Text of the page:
One thing I will add is that earlier you said that “getting money out of politics isn’t necessarily an issue that many young people are passionate about”. I just want to touch on that because I think that it is, but just not under that name. When young people talk about, for instance, the price of insulin, and that being too high, they’re talking about money in politics. When people our age call DC a swamp, they’re talking about money in politics. So, even though most people our age aren’t having direct conversations about these court cases, we still are having conversations about money in politics. It’s like an invisible string that ties together a lot of young people across the political spectrum. Since so many young people do care about this issue, I do think it’s something that we can actually get rid of. It’s important for us to get involved now. We need a government that champions popular sovereignty over elite interests.

That’s such a great point because it’s something that you just can’t escape. It’s an undercurrent of so many different issues. This leads me to my next question, which is: what is one issue that you would like to address with the passage of the For Our Freedom Amendment?

Personally, I am interested in the pharmaceutical industry. This past summer, I was an intern at Open Secrets, which is the nation’s leading nonpartisan think tank that collects data on money in politics. I was responsible for combing through a lot of our data, and it seemed like every other cell in my spreadsheet was related to the pharmaceutical industry or an independent expenditure from a pharmaceutical company. The pharmaceutical industry is ranked number one in nearly every lobbying quarter. That to me is really scary. There’s no reason why healthcare should be this expensive in the U.S., so getting money out of politics would definitely make access to health services and medicine easier for people who have been left out of government as a result of the protection of corporate interests by these Supreme Court cases.

I’m sure that was a really interesting internship to have.

It was! It was eye-opening but a lot of things that I was reading and working with weren’t really surprising. It’s very frustrating to see who is really in charge of our government.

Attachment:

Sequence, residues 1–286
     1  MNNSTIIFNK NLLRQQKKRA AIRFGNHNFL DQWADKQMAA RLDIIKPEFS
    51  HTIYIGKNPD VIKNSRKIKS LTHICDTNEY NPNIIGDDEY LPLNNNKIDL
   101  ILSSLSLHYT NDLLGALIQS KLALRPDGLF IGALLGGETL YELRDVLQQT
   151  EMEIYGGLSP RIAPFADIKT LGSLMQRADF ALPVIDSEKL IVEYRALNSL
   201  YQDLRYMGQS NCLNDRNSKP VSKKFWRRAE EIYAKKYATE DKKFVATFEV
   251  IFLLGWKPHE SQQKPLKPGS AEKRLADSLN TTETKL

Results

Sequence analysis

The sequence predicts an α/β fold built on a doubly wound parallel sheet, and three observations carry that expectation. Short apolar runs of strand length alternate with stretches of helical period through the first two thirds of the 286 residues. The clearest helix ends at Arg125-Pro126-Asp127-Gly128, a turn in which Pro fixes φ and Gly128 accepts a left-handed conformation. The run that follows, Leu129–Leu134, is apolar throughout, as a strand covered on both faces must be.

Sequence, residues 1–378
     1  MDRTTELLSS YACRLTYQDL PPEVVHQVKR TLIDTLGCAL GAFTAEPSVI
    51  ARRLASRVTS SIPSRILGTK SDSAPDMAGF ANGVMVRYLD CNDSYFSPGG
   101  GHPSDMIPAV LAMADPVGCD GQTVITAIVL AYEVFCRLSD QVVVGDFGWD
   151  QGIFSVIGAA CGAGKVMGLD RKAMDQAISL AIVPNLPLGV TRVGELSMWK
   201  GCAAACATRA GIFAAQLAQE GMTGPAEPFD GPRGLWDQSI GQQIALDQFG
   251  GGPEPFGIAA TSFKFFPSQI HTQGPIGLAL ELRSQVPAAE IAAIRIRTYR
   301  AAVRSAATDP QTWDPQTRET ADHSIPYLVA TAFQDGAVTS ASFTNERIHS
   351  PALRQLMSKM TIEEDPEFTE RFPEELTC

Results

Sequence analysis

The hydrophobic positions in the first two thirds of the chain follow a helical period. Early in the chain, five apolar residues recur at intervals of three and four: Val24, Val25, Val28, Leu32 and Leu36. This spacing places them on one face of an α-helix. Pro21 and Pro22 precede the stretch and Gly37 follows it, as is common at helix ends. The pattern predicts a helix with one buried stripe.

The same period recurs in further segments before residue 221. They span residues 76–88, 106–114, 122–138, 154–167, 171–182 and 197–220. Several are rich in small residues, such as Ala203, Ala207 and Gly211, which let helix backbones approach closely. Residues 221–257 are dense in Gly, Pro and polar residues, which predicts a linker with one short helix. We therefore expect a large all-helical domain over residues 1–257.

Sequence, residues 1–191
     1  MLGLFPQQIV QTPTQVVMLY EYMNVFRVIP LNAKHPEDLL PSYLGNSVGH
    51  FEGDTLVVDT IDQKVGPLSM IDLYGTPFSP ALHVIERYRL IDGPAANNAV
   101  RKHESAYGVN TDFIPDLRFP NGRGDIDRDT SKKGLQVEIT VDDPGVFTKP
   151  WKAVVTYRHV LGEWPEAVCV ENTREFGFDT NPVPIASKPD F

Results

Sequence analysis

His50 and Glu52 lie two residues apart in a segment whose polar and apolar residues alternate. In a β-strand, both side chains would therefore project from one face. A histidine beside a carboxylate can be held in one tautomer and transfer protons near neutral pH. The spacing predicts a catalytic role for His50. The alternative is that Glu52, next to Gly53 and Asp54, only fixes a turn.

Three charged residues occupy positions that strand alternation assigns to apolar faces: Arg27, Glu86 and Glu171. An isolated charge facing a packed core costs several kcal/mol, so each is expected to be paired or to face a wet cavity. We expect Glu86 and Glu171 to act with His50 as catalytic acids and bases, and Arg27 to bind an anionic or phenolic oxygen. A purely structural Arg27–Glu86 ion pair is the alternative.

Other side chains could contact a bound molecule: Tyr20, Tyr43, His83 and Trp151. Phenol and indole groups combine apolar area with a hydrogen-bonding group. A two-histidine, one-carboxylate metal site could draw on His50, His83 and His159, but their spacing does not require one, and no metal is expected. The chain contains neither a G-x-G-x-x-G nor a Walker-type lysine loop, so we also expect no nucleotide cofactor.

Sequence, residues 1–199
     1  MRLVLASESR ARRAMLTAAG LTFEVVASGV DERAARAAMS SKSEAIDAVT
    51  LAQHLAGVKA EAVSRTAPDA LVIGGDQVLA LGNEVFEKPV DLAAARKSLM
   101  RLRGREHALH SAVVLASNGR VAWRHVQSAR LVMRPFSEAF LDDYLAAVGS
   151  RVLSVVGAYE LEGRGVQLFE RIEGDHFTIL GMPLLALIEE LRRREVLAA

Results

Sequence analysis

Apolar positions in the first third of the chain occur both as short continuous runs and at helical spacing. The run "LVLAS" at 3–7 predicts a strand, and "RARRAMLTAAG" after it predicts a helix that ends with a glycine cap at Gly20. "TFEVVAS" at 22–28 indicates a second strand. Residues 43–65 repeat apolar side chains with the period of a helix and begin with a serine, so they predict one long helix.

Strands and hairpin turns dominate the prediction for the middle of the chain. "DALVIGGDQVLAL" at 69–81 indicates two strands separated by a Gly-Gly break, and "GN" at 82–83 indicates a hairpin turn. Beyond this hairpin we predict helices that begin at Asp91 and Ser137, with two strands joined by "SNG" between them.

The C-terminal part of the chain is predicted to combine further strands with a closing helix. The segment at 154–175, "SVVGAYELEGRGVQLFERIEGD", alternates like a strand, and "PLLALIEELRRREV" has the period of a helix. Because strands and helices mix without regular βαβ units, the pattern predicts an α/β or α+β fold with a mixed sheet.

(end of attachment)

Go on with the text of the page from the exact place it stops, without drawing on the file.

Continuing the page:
You spoke on a panel with Jeff Clements, the CEO of American Promise, as well as other experts in the field of constitutional reform at the American Democracy Summit this past September. Why is it so important to you to be vocal about this issue?

It’s important to me to be vocal about this issue because most people don’t recognize it as the root of discontent with our democracy. If they only knew what was really causing our current situation, then maybe we could have better conversations about reclaiming our government. It’s also important to me because a lot of people think that they are voiceless or drowned out by sectional interests, or that their Congress people will defect from their preferences and vote in ways that are harmful to their communities. If we get money out of politics then we can change this narrative and one day have a government that acts in the interest of their constituencies. This is why it’s important to have these conversations and to represent my generation. I want to show that we will stand up for what is right and that we are engaged and active and excited to become the changemakers for the future. I was grateful to have the opportunity to represent our generation at the American Democracy Summit. It was such a great experience and so much fun.

Do you have any advice for other students or young people who would like to be an outspoken advocate for the issues that they’re passionate about, but have some misgivings about going outside of their comfort zone or starting important conversations in their communities?